• NYG DE Justin Tuck had his fourth sack of the season and besides a goose egg in Week 14, has been decent this month as he's struggled with lingering injury problems all season. The team will need him for a big game on Sunday night, as Osi Umenyiora missed his fourth game with an ankle injury and isn't expected to play this week. DE Jason Pierre-Paul kept on rolling, racking up 2 more sacks, giving him 15.5 on the season, fourth in the league and just out of reach for the sack title (see the trio discussed above).

  • A disappointing end to a bounce-back season for NE DE Andre Carter. After getting back to playing mostly his preferred way, with his hand on the ground, Carter returned to double-digit sacks with the Pats, but is done for the year with a torn quad.


  • The recent production of DEN rookie OLB Von Miller has been hampered by the torn ligaments in his right thumb. He held sackless for back-to-back games for the first time this season and has just one since missing his only game in Week 13. He is stuck at 11.5 sacks on the season. Meanwhile, SF OLB Aldon Smith has opened the seemingly closed door for DROY debate with 6.5 sacks in his last four games. Smith has jumped Miller to lead all rookies with 14 sacks (fifth in the league overall). I think Miller ultimately wins the award, as he has garnered significantly more pub, and Smith hasn't been limited to a situational role most of the season, not starting from Week 1 like Miller, and less consistent. For fantasy purposes, I'd rather have Smith than Miller going this week, though.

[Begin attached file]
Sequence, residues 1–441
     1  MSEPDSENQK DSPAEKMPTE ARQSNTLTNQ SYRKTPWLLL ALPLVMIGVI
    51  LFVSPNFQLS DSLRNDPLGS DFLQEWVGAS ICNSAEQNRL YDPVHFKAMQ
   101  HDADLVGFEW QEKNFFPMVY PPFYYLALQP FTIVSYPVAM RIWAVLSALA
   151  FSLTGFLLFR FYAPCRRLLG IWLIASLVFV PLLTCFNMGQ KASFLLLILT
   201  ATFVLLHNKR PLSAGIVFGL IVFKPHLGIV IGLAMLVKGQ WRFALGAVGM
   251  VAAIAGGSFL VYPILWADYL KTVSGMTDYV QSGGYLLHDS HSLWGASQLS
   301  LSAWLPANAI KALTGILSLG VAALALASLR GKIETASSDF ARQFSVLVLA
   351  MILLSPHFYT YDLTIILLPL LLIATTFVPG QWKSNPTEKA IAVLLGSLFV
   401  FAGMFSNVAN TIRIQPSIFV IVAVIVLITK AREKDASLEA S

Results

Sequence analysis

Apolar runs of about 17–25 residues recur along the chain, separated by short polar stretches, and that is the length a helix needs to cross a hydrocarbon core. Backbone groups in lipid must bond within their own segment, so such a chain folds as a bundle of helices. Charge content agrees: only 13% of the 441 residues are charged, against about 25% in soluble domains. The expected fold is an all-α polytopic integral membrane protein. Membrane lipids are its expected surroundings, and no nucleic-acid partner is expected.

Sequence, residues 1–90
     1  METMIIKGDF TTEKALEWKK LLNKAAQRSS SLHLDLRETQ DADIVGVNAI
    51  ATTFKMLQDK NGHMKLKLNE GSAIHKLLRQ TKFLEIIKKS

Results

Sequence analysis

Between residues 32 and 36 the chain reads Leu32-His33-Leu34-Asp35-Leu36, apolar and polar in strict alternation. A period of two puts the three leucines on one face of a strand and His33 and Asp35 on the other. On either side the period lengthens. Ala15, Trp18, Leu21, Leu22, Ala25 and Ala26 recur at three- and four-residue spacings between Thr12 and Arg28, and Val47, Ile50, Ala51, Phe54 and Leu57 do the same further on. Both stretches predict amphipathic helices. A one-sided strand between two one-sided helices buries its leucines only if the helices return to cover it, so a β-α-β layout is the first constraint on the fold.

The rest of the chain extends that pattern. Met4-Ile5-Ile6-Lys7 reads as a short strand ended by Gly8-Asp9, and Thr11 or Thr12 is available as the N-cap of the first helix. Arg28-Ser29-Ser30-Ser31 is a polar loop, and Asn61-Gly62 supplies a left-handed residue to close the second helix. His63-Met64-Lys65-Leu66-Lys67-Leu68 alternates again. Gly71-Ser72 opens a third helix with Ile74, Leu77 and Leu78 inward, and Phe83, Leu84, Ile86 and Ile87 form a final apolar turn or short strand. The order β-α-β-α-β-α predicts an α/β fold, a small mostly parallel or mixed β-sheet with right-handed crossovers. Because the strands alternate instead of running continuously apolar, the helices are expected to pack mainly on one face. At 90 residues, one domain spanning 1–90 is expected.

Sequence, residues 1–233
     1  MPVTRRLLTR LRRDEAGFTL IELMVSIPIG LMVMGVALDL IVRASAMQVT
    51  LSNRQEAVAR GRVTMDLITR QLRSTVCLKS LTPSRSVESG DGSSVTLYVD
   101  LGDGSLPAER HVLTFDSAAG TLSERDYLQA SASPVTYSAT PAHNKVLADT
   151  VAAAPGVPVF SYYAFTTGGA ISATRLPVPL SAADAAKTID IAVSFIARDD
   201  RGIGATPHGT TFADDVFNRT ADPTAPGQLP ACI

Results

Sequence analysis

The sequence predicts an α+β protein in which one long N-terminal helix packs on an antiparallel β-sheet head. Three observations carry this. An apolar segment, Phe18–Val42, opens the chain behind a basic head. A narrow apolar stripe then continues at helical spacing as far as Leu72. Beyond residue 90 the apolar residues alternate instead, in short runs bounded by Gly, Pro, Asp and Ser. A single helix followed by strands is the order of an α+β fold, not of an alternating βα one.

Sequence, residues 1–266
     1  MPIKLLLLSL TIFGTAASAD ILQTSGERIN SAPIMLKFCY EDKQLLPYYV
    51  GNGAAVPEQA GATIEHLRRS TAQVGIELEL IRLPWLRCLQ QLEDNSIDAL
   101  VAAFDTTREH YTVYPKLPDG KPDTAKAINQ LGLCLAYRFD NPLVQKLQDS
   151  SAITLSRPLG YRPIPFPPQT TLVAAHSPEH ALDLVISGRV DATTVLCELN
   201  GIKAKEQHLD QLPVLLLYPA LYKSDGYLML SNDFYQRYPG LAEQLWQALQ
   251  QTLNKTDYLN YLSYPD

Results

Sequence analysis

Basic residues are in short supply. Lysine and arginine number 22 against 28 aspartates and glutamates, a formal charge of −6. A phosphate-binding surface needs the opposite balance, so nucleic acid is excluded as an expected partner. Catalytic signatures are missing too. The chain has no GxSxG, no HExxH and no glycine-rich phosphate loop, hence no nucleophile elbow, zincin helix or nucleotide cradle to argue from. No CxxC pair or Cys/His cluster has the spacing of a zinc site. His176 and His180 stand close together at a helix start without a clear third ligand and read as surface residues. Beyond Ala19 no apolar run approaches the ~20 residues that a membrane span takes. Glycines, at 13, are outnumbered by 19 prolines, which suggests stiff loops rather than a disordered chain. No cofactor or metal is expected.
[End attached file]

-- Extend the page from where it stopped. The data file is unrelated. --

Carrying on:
• SF ILB Patrick Willis will be a dreaded game-time decision this week as he continues to battle a hamstring. Same for PIT OLB LaMarr Woodley, although he sounds more doubtful to play.

  • GB ILB Desmond Bishop returned after missing the previous three games with a calf injury and racked up double-digit tackles for the fifth time this season.

Defensive Back

  • AZ rookie CB Patrick Peterson strained his left Achilles' tendon and is day-to-day. I'd be surprised if the Cardinals risk one of their top assets in a meaningless game this weekÖsee WAS S LaRon Landry for where pushing this type of problem gets you. On that note, Landry is reportedly looking in to getting surgery on his troublesome Achilles' tendon after pushing the surgery off last year and trying to just let it heal for fear of missing more time going down the surgery route.

  • Productive CHI CB Tim Jennings was benched after a brutal game against Seattle. Zack Bowman replaced him and had a worse day. Jennings should be back in this week.

  • DEN SS Brian Dawkins continues to have neck problems and likely shouldn't play this week, but may unfortunately try to live up to his tough guy image if doctors don't stop him. Rookie FS Quinton Carter pulled a hamstring on Saturday and is also very questionable. Fellow rookie Rahim Moore would get a starting shot back if Carter can't go and David Bruton should be at SS if Dawkins can't play either.

  • PHI CB Asante Samuel sounds likely to miss another game with a hamstring, so Dominique Rodgers-Cromartie would replace him again.